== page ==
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CHAPTER THE SECOND.
OF THE NATURE AND INCIDENTS OF WILLS AND CODICILS OF
Definition of a Will and Testament.
A LAST Will and Testament is defined to be “the just sentence of our will, touching what we would have done after our death " (a); and in strictness, perhaps, the definition might be narrowed by adding “respecting personal estate :” For a devise of Lands is considered by our Courts not so much in the nature of a Testament, as of a conveyance by way of appointment of particular lands to a particular devisee (6): And upon that principle it was established that a man could devise those lands only which he had at the time of the date of such conveyance, and no after purchased lands would pass, whatever words might be used (c); whereas a Will and Testament would operate upon whatever personal estate a man died possessed of, whether acquired before or since the execution of the instrument (d).
In strictness, according to the older authorities of the
(a) Swinb. Pt. 1, s. 2. Godolph. Jekyl, 1 P. Wms, 575. It did not Pt. 1, c. 1, s. 2. 2 Black. Comm.
the construction of the sta499,
tutes of Wills (32 H. VIII. c. 1, & (6) Harwood v. Goodright, Cowp.
34 H. VIII. c. 5),
which say that any 90, by Lord Mansfield. 1 Saund. person having land may devise; (asit 277, e. note (4), to Duppa v. Mayo. has sometimes been said, see Toller It is said by Lord Coke, Co. Lit. on Executors, p. 2;) for the same 111, a. that in law most commonly rule held before the statute, where ultima voluntas in scriptis is used, lands were devisable by custom : where lands or tenements are de- Harwood v. Goodright, Cowp. 90, vised, and testamentum, when it by Lord Mansfield. Brunker v. concerneth chattels. See also, to Cook, 11 Mod. 122. Brydges t'. the same effect, Godolph. Pt. 1, c. 6, Duchess of Chandos, 2 Ves. Jun. s. 7.
427. 1 Wms. Saund. 277, e. n. (4). (c) 1 Saund. 277, e.n. (4). Wind v. (d) 1 P. Wms. 575. And now, by
ecclesiastical law, the appointment of an executor was essential to a testament. “The naming or appointment of an executor," says Swinburne (e)," is said to be the foundation, the substance, the head, and is indeed the true formal cause of the testament, without which a Will is no proper testament, and by the which only the Will is made a testament.” So Godolphin observes (), that“ the appointment of an executor is the very foundation of the testament, whereof the nomination of an executor, and the justa voluntas of the testator, are two main essentials.” And the common law judges, in Woodward v. Lord Darcy (9), laid down that "without an executor a Will is null and void" (h). However, this strictness has long ceased to exist (i), as it will appear in the subsequent chapter, respecting the form and manner of making the Will (j): And even by the old authorities above mentioned, an instrument which would have amounted to a testament, if an executor had been nominated, was recognised as obligatory on him who had the administration of the goods of the deceased, under the appellation of a. Codicil : which is accordingly defined by Swinburne (k) and Godolphin (7), to be “the just sentence of our will, touching that which we would have done after our death, without the appointing of an executor : " and hence a codicil was called "an unsolemn last Will” (m). It was termed codicil, codicillus, as a diminutive of a testament, codex (n).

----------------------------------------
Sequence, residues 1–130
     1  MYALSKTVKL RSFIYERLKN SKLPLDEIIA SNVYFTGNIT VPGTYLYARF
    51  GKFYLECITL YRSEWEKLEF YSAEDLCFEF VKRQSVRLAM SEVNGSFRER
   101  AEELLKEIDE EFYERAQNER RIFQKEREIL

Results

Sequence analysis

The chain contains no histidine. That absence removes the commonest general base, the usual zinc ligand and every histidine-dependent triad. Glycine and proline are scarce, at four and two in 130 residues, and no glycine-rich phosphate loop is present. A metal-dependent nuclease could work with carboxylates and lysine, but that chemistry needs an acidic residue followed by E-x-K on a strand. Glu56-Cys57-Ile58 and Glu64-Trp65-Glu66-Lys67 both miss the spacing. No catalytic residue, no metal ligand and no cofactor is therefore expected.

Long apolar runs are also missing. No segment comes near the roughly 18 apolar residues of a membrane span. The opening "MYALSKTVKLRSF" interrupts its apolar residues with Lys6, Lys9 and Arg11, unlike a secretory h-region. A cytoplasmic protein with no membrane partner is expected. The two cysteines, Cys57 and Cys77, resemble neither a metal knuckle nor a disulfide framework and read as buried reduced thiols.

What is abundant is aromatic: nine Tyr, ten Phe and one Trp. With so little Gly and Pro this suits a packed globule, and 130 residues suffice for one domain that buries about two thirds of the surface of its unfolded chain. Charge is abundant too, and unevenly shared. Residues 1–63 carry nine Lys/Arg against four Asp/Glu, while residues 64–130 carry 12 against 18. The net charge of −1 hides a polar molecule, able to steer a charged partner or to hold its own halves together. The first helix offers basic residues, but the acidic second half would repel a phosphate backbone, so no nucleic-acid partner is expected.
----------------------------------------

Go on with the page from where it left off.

stat. 1 Vict. c. 26, s. 3, (which, how- (h) See also Chadron v. Harris, ever, does not apply to any Will Noy, 12. Finch, 45 b. Bro. Test. made before Jan. 1, 1838,) the power pl. 20; and see the judgment of of disposing by Will, executed as Mr. Baron Wood in Attorney-Gerequired by that Act, is extended to neral v. Jones, 3 Price, 383. all such real and personal estate as () Wyrall v. Hall, 2 Chanc. Rep. the testator may be entitled to at 112. the time of his death, notwithstand- (j) Post, Pt. 1. Bk. 11. Ch. 11. SIII. ing he may become entitled to the (k) Pt. 1, s. 5, pl. 2. same subsequently to the execution (1) Pt. 1, c. 6, s. 2. of his Will. See this enactment, (m) Swinb. Pt. 1, s. 5, pl. 4. terbatim, Preface.
Godolph. Pt. 1, c. 6, s. 2. (e) Pt. 1, s. 3, pl. 19.
(n) Godolph. Pt. 1, ch. 6, s. 1. (f) Pt. 1, c. 1, s. 2.
However in respect of distribution (9) Plowd. 185.
under the custom of York, &c., it
But although it appears that “codicils” might be made by those who died without testaments (0), yet the more frequent use of a codicil was, as an addition made by the testator, and annexed to, and to be taken as part of a testament, being for its explanation or alteration, or to make some addition to, or else some subtraction from, the former disposition of the testator (v): in which sense the term codicil is applied in modern acceptation.